A film and its soundtrack, they go together; or do they? It’s not always obvious and I’m talking about the continuity dialogue-and-music version, not the music-only separately issued one. It’s all about context, stating the obvious, choice; and above all the interpretative ability of the composer and the allied decisions to use song-based or instrumental material that already exists that can amplify the story. In Paul Thomas Anderson’s The Master the director is reunited with film composer Radiohead’s Jonny Greenwood, following their previous work together on There Will Be Blood.
The music that Greenwood didn’t compose reflects the film’s period setting to an extent, and it has a jazz-tinged and popular music quality to it, relating to the 1940s following victory in Japan, the beginning of a new era as traumatised navy veteran Freddie Quell (Joaquin Phoenix) becomes part of The Cause, the cultish Scientology-like group led by charismatic Lancaster Dodd (Philip Seymour Hoffman, above). Greenwood’s music harnesses electronic textures via acoustic means and dense harmonic strings-laden clusters that particularly in the second half of the film, past the one-hour mark, uses clarinet a great deal. Some of the instrumentalists on the score, released by Nonesuch records on 5 November, are jazz people including former Humphrey Lyttelton sideman the veteran mainstream musician Jimmy Hastings, and a voice of the new generation, Sons of Kemet clarinettist Shabaka Hutchings, along with Zed-U bandmates Neil Charles and Tom Skinner.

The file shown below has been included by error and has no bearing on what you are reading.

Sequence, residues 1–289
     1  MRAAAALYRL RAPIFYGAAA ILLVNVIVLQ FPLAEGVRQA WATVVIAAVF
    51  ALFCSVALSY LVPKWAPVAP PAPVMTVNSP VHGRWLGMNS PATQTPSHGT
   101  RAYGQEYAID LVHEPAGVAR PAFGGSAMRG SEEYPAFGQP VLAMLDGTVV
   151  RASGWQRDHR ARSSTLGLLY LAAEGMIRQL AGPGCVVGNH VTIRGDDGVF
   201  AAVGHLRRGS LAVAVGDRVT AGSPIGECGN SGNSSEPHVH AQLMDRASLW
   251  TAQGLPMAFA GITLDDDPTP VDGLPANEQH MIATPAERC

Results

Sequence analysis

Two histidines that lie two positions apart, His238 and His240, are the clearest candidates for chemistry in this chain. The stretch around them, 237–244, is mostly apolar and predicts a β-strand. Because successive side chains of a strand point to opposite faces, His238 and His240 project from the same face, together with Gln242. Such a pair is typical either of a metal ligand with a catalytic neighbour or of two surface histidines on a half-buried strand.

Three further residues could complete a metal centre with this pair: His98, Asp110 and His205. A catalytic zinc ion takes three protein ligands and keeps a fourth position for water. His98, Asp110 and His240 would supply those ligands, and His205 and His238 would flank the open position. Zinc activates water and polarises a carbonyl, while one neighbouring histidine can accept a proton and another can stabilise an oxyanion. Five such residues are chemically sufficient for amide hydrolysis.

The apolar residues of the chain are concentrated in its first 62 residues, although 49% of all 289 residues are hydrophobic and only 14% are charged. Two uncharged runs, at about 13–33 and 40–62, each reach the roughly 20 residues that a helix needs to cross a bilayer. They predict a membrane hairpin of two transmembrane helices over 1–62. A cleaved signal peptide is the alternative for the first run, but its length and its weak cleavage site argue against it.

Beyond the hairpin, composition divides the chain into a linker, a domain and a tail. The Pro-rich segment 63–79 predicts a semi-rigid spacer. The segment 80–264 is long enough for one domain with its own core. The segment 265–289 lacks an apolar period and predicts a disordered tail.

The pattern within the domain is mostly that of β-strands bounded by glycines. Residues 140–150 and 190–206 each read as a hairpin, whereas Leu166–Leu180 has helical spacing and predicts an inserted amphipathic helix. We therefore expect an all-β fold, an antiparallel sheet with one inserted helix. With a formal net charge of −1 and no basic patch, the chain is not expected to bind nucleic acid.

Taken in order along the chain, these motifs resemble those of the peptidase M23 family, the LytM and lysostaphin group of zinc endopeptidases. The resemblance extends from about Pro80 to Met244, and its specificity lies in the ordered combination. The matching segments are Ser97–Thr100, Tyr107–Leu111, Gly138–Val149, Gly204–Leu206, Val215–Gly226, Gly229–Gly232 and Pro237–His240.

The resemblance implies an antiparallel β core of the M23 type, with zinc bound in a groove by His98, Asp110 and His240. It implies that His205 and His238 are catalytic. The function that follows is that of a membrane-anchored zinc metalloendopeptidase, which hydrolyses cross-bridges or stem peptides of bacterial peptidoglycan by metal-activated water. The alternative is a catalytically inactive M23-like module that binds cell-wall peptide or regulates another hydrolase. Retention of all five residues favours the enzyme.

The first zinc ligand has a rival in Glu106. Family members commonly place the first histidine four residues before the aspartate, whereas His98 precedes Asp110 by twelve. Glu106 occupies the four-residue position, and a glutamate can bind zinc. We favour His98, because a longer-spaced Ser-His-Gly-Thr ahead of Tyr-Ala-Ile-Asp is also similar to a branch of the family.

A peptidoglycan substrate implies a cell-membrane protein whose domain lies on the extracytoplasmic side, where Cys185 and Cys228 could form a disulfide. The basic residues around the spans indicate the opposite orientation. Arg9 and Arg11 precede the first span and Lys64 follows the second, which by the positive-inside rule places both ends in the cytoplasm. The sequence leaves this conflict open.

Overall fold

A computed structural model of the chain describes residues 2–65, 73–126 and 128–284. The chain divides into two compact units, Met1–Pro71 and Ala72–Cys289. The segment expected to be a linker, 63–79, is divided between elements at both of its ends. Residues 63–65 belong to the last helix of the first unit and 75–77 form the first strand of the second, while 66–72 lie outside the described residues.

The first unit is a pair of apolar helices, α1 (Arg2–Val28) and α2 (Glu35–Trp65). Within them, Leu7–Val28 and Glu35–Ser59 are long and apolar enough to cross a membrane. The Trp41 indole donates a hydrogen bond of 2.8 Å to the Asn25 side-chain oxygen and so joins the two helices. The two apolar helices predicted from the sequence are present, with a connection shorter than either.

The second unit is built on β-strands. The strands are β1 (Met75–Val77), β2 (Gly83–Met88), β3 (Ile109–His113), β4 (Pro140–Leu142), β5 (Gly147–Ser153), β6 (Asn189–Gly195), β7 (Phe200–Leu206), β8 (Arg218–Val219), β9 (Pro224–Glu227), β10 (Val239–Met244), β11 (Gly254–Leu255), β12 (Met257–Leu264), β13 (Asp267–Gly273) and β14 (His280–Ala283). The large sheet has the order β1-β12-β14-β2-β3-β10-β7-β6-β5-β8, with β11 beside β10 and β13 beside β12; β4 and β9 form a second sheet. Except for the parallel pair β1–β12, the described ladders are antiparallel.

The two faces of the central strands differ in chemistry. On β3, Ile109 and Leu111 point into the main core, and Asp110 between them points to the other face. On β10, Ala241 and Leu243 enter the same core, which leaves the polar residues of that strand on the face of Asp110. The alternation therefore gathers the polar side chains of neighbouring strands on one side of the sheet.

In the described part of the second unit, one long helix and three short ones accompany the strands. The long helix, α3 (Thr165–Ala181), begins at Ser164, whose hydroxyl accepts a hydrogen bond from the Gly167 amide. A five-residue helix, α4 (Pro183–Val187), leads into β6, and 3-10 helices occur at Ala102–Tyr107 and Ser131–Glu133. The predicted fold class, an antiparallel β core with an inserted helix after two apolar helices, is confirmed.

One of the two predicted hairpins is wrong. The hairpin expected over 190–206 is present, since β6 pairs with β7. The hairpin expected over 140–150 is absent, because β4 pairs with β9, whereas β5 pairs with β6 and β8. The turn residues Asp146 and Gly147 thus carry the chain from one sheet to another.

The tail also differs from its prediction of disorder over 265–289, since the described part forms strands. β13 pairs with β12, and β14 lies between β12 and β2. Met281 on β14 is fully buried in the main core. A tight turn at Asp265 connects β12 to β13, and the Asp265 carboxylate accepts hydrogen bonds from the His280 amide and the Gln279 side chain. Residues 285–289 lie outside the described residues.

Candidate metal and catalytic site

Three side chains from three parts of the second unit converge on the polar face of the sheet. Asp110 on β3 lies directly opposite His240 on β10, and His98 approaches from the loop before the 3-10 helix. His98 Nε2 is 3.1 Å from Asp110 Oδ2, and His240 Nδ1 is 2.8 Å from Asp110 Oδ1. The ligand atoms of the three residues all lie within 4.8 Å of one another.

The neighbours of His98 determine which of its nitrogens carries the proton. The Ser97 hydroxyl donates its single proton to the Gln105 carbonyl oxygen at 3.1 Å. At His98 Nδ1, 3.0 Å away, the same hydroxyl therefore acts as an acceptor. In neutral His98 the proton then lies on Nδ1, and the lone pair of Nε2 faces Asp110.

The key non-Greenwood music comes in three main varieties each with particular justifications in terms of plot and context.
The first is the inclusion of the Ella Fitzgerald version of the Irving Berlin song ‘Get Thee Behind Me Satan’, chosen I suppose for its playful hint of menace and played against a show of photographs.
The second is ‘No Other Love’ (the spooky song that owes much to Chopin’s ‘Tristesse’) sung by Jo Stafford, which belongs to the Arizona section of the film where the Master finds himself, in Phoenix, addressing the first congress of The Cause. While impactful it retains a non-literal ambivalence in terms of narrative.
And finally the third song is Helen Forrest’s version of ‘Changing Partners’ in waltz time accompanied by the Sy Oliver orchestra (think the feel of ‘Tennessee Waltz’ a tune that Sonny Rollins interpreted in its definitive jazz treatment). This last song charts the ultimate choice of Freddie after his final dealing with Dodd in his mansion in England where the action moves to after some wanderings in America and quite some time after the seafaring episodes in the early part of the film.
The Greenwood soundtrack itself in the context of the film, leaving aside the songs referred to, and they are important, has a great deal of depth and an abstract logic to it unlike much modern cinema composition that relies on mood-setting minimalism as a jumping off point, or anthemic electronica even no matter the period. Texturally Greenwood’s approach adds gravitas and provides parallel, although properly allusive, commentary on the drama. It also never distracts and integrates itself organically. The Master is absorbing, stimulating, a quite brilliant piece of film-making and thought-provoking storytelling, beautifully acted and shot. It’s a film that people will, hazarding a wild guess, be talking about for a long time to come. Stephen Graham
In cinemas from Friday